Hey now – take another look – look at how much wider the rear wheelbase is than the front wheelbase – like an extra one foot – at least… what would that do to the handling – make it track like a sportscar, or want to “lift, turn and dump” like an unhappy horse? The turning radius – at least at slow speeds, might allow you to zero in on a fire hydrant (light pole, etc.) – and look at the long front trunk – what other vehicle of that length would have that much trunk space – kind-of like the VW type 3 or wagon – I always liked the big trunk in front. This Thing is MAYBE a bit longer than the Suzuki Samurai, but it has the same behind-the-seat storage AND a full-size trunk in front, with the handy spare tire there too – maybe it runs like a sand rail where you pop wheelies…might have to put some sand bags in front or plate steel or something…and what of the soft top? Can you cut that to fit too, I wonder, or does a custom top have to be made, because it might look pretty snarky with the top on – and once you got the (essentially) weather-proof top then you could upgrade the seats – and maybe get one of those springy “whip” antennas for that German “Commando” look.

    So, technically, it looks like they (could) cut the body off just in front of the BACK doors (adjusting for the floor pan, shifter, etc.,), cut the drive shaft, move the whole thing up and weld it back together so that those 2 doors are actually the back doors…I wonder what this Thing would read like if you put it on a modern frame machine (with lazer sights)…did they do it so it’s still true, or does it wander down the road like a horse with one blinder on? And when you put the brakes on, better have a good grip on the wheel?

    Anybody?

    Like 1
    • SubGothius

      No driveshaft to cut, being rear-engined RWD. If you look closely at the door sill in pic #6 showing the interior, you can see what looks like a welded seam where they probably cut just in front of the diagonal portion of the front and rear door sills and spliced the remaining ends together. Front and rear doors are interchangeable on each side, so it doesn’t matter which became the sole doors here.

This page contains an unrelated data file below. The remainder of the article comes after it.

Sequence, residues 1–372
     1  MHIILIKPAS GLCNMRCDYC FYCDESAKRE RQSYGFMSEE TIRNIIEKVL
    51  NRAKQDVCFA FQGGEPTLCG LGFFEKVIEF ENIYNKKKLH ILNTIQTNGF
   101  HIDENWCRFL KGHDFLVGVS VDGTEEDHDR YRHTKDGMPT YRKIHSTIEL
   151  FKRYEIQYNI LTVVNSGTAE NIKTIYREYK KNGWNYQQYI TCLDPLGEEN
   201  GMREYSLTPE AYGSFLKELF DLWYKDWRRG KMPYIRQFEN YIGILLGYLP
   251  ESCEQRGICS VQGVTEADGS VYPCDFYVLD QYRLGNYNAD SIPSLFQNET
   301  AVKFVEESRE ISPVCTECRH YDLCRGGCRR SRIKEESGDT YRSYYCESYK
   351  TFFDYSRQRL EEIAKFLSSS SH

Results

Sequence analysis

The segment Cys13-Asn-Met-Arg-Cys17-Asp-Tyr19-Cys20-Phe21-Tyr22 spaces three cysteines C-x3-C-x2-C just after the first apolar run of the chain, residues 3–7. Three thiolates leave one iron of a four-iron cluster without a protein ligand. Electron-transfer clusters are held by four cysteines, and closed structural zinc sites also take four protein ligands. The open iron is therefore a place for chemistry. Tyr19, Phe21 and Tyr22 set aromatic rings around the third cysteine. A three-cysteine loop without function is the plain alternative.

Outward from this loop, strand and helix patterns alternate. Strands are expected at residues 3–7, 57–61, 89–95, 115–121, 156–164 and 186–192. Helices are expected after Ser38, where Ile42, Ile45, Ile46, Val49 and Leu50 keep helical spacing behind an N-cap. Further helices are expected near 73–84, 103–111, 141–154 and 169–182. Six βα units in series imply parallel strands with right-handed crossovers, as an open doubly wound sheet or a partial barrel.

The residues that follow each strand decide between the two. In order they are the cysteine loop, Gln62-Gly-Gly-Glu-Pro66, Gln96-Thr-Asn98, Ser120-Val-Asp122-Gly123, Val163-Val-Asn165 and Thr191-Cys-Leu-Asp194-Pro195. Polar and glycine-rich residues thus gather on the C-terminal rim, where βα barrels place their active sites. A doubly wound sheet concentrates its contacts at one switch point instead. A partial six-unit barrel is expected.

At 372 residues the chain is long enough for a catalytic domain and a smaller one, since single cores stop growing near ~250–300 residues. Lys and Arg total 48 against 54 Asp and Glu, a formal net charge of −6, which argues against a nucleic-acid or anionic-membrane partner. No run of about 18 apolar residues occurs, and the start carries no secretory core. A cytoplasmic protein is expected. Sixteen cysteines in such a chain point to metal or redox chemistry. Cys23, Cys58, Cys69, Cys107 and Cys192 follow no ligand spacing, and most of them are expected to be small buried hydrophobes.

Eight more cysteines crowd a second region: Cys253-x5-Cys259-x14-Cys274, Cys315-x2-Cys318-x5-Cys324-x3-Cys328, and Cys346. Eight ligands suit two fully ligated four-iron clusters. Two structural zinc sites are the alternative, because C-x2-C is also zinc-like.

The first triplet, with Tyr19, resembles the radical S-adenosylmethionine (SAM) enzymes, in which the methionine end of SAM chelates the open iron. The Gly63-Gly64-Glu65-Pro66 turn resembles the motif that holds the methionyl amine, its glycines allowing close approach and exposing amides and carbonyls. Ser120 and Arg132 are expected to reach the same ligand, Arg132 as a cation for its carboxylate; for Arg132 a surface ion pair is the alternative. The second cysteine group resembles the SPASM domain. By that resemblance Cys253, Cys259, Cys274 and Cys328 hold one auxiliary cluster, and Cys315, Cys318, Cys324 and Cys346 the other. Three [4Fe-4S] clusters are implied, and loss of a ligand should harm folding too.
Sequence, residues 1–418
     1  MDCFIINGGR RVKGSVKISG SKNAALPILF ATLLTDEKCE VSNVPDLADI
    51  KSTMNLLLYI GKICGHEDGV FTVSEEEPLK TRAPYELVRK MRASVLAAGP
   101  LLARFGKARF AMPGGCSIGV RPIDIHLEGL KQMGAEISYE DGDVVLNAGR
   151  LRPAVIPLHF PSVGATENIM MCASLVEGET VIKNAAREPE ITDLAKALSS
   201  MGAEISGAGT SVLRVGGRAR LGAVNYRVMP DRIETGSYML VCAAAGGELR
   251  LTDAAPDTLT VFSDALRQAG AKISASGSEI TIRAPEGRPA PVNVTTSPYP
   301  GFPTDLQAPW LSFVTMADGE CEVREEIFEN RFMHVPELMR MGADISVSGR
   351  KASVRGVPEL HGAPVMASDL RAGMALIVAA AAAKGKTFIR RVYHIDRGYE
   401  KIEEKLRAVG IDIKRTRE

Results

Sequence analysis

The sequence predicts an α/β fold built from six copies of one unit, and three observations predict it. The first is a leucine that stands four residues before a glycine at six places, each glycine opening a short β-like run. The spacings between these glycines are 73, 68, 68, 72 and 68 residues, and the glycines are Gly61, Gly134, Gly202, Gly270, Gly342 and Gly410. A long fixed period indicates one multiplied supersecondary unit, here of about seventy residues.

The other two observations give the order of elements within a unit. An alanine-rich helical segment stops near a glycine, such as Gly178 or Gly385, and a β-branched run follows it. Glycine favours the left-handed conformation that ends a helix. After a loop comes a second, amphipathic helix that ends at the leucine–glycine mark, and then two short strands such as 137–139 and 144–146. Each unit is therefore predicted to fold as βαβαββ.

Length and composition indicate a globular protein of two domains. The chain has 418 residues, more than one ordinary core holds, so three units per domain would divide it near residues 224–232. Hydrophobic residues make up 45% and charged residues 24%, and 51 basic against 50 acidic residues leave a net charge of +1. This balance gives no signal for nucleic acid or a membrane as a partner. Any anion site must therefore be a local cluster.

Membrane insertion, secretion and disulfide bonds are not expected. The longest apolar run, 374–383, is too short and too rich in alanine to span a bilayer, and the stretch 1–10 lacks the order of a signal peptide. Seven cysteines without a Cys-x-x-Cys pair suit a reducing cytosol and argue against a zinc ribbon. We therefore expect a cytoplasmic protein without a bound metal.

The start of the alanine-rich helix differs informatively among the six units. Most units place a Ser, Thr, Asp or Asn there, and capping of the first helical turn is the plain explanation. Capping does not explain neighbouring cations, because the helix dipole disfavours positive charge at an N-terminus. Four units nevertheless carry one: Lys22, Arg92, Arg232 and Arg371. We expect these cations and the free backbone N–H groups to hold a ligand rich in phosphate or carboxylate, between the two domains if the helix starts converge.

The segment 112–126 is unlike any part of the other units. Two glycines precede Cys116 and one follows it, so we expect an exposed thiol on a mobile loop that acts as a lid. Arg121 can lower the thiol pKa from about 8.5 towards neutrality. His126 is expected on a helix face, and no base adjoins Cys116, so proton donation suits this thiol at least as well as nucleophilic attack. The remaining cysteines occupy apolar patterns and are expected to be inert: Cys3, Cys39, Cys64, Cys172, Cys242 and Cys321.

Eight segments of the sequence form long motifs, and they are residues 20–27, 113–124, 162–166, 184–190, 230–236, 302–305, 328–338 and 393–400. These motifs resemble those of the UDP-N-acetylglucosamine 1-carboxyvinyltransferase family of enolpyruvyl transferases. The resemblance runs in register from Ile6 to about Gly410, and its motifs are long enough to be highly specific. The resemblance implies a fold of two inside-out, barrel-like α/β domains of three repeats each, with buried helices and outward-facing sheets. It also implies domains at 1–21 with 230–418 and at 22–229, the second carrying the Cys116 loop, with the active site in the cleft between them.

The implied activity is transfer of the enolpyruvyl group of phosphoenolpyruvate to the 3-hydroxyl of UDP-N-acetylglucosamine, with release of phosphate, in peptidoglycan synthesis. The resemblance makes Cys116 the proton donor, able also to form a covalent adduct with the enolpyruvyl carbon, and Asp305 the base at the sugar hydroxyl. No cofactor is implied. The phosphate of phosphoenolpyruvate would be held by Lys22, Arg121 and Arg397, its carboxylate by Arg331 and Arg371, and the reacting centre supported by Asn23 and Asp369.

• Edward Sel

        No, but it will tell you where they made which cuts (i.e., did they cut the front or rear section out – and I wasn’t sure that it was rear-wheel drive, but I guess that’s typical for vw’s, thingy or not.

      • Edward Sel

        That’s what I said.

  9. Edward Sel

    And if you paint those wheels to match I think it would do quite a bit to “incorporate”/lessen the high “stubby” visual impact.

  10. CycloneJeff Jeffrey Brammer Member

    What do you do when you have so much rust on the floor pan and your project comes up short? Hmmmm!

    Like 1
  11. chrlsful

    “…25K imported…”? They must have been all around me in early ’70s in E. MA then. Hadn’t seen 1 since a ‘TV daughter’ (“Us Twins” or some such show) had one.

    Looks all outta proportion now, hood way too long. Probably mid engine now (isnt it in frnt of the axel?)? Rip out ANY rug(s) spray in bed liner, but all a waste of time, $ now as there is no bed in this. I hate non-frame tied roll bars (false sense of security) as they R More dangerous…

    • SubGothius

      Still rear-engined, as they just cut a section out of the middle and brought the remaining ends together.

      Like 1
    • Edward Sel

      The inners bolt onto the engine-mount rails so that on a roll-over the whole she-bang goes up in a ball of flames – quick release 4-way stock car safety harness is your best bet there.

    • Edward Sel

      That’s what I said.

  12. Rw

    Hot Wheels tooned series.

    • Edward Sel

      RUH-Roh!

  13. Rw

    I would rather have this that Polaris RZR or a jacked up golf cart to peddle around in.

    Like 1
    • Edward Sel

      No rear-deck mounted Rat Patrol Machine gun for you, Bueller!

      Like 1
  14. Bill McCoskey Bill McCoskey Member

    What surprises me is how easy this was to create, very little finishing body work required, yet I don’t know of any other shortened Things being built. I guess there are not a lot of people wanting to do the shortening, or perhaps there are simply no solid-body Things left to shorten.

    Like 1
    • Edward Sel

      Yes Bill, but I would still want to put this Thing-O on a frame machine and make sure it wasn’t “sprung” and welded back out of whack. I saw they are coming out with a Manx electric dune buggy soon, so, “hey hey we’re the Monkees!”

  15. Frank

    When I was about 12 my aunt and uncle lived in Pomeroy Ohio. There was a neighbor that had a shorty split windshield pick up. My cousin said it was souped up and it would do a wheelie. I, of course, called bs and the neighbor promptly took it out into the road and hung the front wheels about four feet in the air. That was when I learned to respect the little VW. I’ll bet this one would do the same with a little hot rodding.